I do not quarrel with the majority's conclusion that Westendorf established a prima facie case of retaliation, because viewed in the light most favorable to Westendorf, she engaged in protected conduct when she met with Ramirez on July 29 to report what she perceived as retaliatory conduct. See Villiarimo v. Aloha Island Air, 281 F.3d 1054, 1064 (9th Cir.2002) (recognizing an internal complaint of harassment as protected activity). According to Westendorf, she was terminated immediately following her report. See id. at 1065 (noting that adverse action in close proximity to the protected conduct may establish a prima facie case of retaliation). However, I do quarrel with the majority's attempt to include the pre-July 14 events in the retaliation analysis.
It is undisputed that following the July 14 session, Ramirez counseled Westendorf's co-worker and her supervisor. In addition, Ramirez withheld a bonus that was intended for Westendorf's co-worker. Because the pre-July 14 complaints were addressed by Ramirez, they are no longer part of the McDonnell Douglas paradigm. See Dawson v. Entek Intern., 630 F.3d 928, 940 (9th Cir.2011) (explaining that the employer has no liability for asserted harassment that has been remediated). Rather than dwelling on remediated complaints, we proceed to the balance of the analysis for the retaliation complaint: Once the plaintiff establishes a prima facie case of retaliation, the burden of production shifts to the defendant to articulate a “legitimate, non-retaliatory reason for the adverse action.... [T]he plaintiff must then show that the asserted reason was a pretext for retaliation....” Cohen, 686 F.2d at 796 (citations omitted). In assessing whether the employer's reason for the action is pretextual, “it is not important whether [the proffered justification is] objectively false,” i.e., whether Westendorf was actually insubordinate. Villiarimo, 281 F.3d at 1063 (internal quotation marks omitted) (emphasis in the original). “Rather, courts only require that an employer honestly believed its reason for its actions, even if its reason is foolish, or trivial or even baseless....” Id. (citation and internal quotation marks omitted). If the employee presents no evidence that the employer did not believe its proffered justification, summary judgment in favor of the employer is warranted. See id.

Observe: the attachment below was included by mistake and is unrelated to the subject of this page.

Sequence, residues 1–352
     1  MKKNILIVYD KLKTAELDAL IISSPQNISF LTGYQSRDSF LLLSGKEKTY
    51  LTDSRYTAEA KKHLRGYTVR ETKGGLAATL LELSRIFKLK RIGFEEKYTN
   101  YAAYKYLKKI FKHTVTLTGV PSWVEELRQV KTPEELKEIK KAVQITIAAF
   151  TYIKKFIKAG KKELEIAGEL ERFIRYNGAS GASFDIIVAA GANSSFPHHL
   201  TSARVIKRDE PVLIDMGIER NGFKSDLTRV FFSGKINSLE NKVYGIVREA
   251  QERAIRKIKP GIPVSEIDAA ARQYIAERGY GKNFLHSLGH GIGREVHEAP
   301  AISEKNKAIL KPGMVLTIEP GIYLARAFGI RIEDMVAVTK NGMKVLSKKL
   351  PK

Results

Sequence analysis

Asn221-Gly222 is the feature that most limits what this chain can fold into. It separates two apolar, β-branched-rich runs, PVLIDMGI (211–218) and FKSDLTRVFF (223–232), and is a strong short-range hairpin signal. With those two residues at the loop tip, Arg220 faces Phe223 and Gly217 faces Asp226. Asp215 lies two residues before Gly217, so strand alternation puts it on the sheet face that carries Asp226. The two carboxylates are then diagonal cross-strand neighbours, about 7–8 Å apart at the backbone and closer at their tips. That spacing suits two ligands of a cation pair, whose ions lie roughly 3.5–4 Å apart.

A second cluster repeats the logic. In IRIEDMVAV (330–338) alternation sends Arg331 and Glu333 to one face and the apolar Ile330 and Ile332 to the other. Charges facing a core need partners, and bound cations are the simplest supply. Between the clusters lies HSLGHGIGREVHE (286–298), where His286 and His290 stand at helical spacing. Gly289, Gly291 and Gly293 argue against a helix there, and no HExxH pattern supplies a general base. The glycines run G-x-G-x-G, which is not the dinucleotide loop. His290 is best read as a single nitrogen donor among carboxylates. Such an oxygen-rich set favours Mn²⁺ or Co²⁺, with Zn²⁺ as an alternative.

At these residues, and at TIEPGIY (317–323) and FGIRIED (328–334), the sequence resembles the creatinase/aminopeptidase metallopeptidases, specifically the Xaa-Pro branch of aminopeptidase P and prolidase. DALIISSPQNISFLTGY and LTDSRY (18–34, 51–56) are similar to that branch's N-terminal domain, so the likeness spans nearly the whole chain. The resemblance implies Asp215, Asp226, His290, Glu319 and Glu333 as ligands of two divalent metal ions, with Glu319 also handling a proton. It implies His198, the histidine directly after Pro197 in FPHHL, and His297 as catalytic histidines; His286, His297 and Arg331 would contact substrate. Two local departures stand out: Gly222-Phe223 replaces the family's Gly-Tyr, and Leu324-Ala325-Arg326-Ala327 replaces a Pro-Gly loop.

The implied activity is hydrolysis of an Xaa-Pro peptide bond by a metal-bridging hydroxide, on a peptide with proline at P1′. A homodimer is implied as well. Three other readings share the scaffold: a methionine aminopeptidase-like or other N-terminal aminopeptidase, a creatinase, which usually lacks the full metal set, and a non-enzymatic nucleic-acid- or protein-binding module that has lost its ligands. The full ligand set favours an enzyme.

I completely agree with the district court's alternative holding that Westendorf offered no evidence of pretext. The majority attempts to counter the district court's holding by remarking that Ramirez offered no evidence of his reason for terminating Westendorf because Ramirez denied terminating her. However, the majority cannot have it both ways. If the evidence is to be interpreted in favor of Westendorf's assertion that she was terminated, that inference of termination remains throughout the analysis. In any event, Ramirez testified that even though he thought Westendorf had resigned, he declined her request for reinstatement due to her insistence that she did not have to follow the directions of her supervisors. Ramirez specifically testified that he “would not have somebody who is going to work for me” where that person is not willing to follow instructions from her supervisors. He expressly stated that was the reason he would not let Westendorf return to his company. Whether characterized as a termination or a failure to reinstate employment after a resignation, the record is crystal clear and unrefuted that Ramirez proffered Westendorf's stated defiance of supervisory authority as the basis for the adverse employment action.
The majority further attempts to bolster Westendorf's case by suggesting that “her prima facie case and related inferences might well support a finding of pretext.” Majority Opinion, p. 424. (emphasis added). The majority cites Texas Dep't of Cmty. Affairs v. Burdine, 450 U.S. 248, 255 n. 10, 101 S.Ct. 1089, 67 L.Ed.2d 207 (1981) as support. However, the referenced opinion note does not state that a prima facie case and related inferences “might well support a finding of pretext.” Rather, the note states that the evidence from the prima facie case “and inferences properly drawn therefrom may be considered by the trier of fact” in deciding whether the employer's proffered explanation is a pretext. The note goes on to explain: “Indeed, there may be some cases where the plaintiff's initial evidence, combined with effective cross-examination of the defendant, will suffice to discredit the defendant's explanation.” Id. (emphasis added).
It is understandable why the majority failed to include the entirety of the referenced note because the facts of this case diverge considerably from the scenario described in the note. The cross-examination of Ramirez simply reinforced his testimony that he declined to reinstate Westendorf because she persisted in her refusal to follow directions from her supervisors. The proffered explanation was never challenged in any way as pretextual. This lack of evidence of pretext supports entry of summary judgment in favor of the employer. See Villiarimo, 281 F.3d at 1063 (affirming the district court's entry of summary judgment in favor of the employer because the employee “presented no evidence that [the employer] did not honestly believe its proffered reasons”).
Even after viewing the evidence in the light most favorable to Westendorf, she failed to raise a material issue of fact that the reasons Ramirez proffered for the adverse employment action were pretextual. For that reason, I would affirm in its entirety the district court's judgment in favor of the employer. I respectfully dissent from that portion of the majority opinion reversing the judgment on Westendorf's retaliation claim.